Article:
The Manuel Noriega Trial (1991): Selected Links & Bibliography
by Cindi Ernst


Manuel Antonio Noriega-   Manuel Antonio Noriega was born to an accountant and his maid in a poor section of Panama City, Panama, in 1934.  When he was five he was given up for adoption to a schoolteacher.  He attended the National Institute High School, with aspirations of becoming a doctor.  Noriega's family could not afford medical school so he accepted a scholarship to attend the Chorizos Military Academy in Peru.  In 1962 he graduated with a degree in engineering.   Noriega received intelligence and counterintelligence training at the School of the Americas at Fort Gulick in 1967, and also took a course in psychological operations (Psyops) at Fort Bragg, North Carolina.

Career- In 1967 Noriega was commissioned in the Panama National Guard and promoted to lieutenant in 1968.  Noriega worked with the Central Intelligence Agency (CIA) from the late 1950’s to the 1980’s.  He was on the CIA payroll for most of this time, although the relationship did not become contractual until 1967.


Noriega retained U.S. support until February 4, 1989, when the Drug Enforcement Administration (DEA) indicted him on federal drug charges.  The U.S. saw Noriega as a double agent and the state Department nicknamed him “rent-a-colonel” and believed that he gave information not only to the U.S. and U.S. allies, Taiwan and Israel, but also to communist Cuba.  He also sold weapons to the leftist Sandinista government in Nicaragua in the late 1970’s. 

Noriega in the 1980’s promoted himself to a full general.  He was a close ally of the United States and pledged to help the Reagan administration in their efforts to destabilize the Sandinista government in Nicaragua.

After the Iran-Contra Affair, Noriega became a liability to the United States.  In 1988, the DEA indicted Noriega on charges of drug trafficking.  The next year, Noriega voided national elections.   President George H. W. Bush stepped in and authorized a military invasion of the Caribbean nation with the sole purpose of deposing the dictator.  A standoff occurred and Noriega surrendered to U. S. forces on January 3, 1990.

Events Leading Up To Noriega’s Capture- On December 20, 1988 around 12:45 am, the U.S. armed forces began one of the costliest and deadliest arrest missions in recent history.  Twenty-five thousand American troops invaded Panama with orders to capture General Manuel Antonio Noriega.  He surrendered after two weeks of holing up in the Papal Embassy.


Manuel Noriega’s Trial- Noriega’s trial was held from September 6, 1991- April 9, 1992.  He was charged with: drug trafficking, racketeering, and conspiracy.  Judge William M. Hoeveler presided over the trial which was held in Miami, Florida.  The verdict came back as guilty and Noriega was sentenced to 40 years in prison.  His sentence was later reduced to 30 years, and further reduced to 17 years.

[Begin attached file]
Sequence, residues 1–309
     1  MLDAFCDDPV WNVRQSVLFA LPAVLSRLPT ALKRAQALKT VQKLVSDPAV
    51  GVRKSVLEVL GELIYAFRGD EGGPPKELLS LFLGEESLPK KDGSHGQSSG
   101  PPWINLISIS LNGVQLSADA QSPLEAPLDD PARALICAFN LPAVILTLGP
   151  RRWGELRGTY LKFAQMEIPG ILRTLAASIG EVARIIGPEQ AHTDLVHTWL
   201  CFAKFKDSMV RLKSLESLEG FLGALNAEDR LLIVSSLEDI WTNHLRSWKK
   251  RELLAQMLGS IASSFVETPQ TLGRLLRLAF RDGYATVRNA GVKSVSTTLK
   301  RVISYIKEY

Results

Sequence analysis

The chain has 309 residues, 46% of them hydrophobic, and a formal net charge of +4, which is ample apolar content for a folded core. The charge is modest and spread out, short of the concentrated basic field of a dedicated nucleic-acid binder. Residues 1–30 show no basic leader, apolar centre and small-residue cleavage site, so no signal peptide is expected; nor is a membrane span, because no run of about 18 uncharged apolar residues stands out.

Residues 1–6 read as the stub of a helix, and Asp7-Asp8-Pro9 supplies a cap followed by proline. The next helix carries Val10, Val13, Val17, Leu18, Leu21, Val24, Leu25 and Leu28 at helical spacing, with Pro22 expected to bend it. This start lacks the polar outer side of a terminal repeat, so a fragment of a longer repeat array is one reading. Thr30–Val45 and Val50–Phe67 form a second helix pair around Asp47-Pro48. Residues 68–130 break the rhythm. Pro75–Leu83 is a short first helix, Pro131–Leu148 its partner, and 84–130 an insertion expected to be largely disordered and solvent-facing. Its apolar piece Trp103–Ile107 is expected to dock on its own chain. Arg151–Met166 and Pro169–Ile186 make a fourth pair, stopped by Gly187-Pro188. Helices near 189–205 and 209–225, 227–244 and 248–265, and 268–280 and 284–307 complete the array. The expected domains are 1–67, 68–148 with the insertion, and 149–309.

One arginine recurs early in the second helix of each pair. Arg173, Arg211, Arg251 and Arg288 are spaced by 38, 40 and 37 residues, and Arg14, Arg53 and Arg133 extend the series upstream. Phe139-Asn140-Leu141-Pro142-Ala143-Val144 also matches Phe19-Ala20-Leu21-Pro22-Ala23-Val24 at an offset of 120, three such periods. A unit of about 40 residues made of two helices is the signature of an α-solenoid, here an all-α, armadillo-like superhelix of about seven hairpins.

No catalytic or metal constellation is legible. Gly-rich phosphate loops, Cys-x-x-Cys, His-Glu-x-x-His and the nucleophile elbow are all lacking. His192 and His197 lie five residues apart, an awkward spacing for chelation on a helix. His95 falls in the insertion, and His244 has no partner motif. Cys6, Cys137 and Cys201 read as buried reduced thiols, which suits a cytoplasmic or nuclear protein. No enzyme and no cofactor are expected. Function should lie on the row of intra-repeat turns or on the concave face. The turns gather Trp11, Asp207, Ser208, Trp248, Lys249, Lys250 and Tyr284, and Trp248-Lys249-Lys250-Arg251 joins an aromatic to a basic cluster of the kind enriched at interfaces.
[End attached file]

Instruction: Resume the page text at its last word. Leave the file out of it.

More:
One of the chief prosecutor’s of the trial, Michael Sullivan derided Noriega as a “small man in a general’s uniform,” who gave his “permission, authorization, and encouragement to a scheme to transform his nation into an international cocaine trafficking and manufacturing center.”

In a surprise move the defense counsel Frank Rubino waived his right to deliver an opening statement to the jury.  His reasoning behind this move was to wait until the prosecution had revealed its entire hand before deciding the direction that the defense would take.

Significance of Trial:  This was a landmark trial which marked the first time that a former head of a foreign government had ever faced criminal charges in an American court of law. 


Picture of Noriega after finding Christ in prison

Manuel Noriega Now-   On Wednesday, April 8, 2009, a federal appeals court ruled that Noriega could be taken to France to face money laundering charges.  This ruling rejected the former Panamanian dictator’s bid to return to his native country of Panama.  Noriega’s attorney Jonathan May of Miami said an appeal was likely.    At the end of all legal proceeding the courts will make a recommendation to U.S. Secretary of State, Hillary Clinton to decide if Noriega will be released back to his country of Panama or be extradited to France to face charges of money laundering.


Additional Links-

Additional Readings-

Dinges, John. Our Man in Panama: How General Noriega Used the United States and Made Millions in Drugs and Arms.  New York: Random House, 1990.

Harris, David.  Shooting the Moon: The True Story of an American Manhunt Unlike Any Other, Ever.  Boston: Little, Brown, 2001

Kempe, Frederick.  Divorcing the Dictator: America’s Bungled Affair with Noriega.  New York: G.P. Putnam’s Sons, 1990.

Noriega, Manuel, and Peter Eisner. America’s Prisoner: The Memoirs of Manuel Noriega.  New York: Random House, 1997.

Famous Trials Website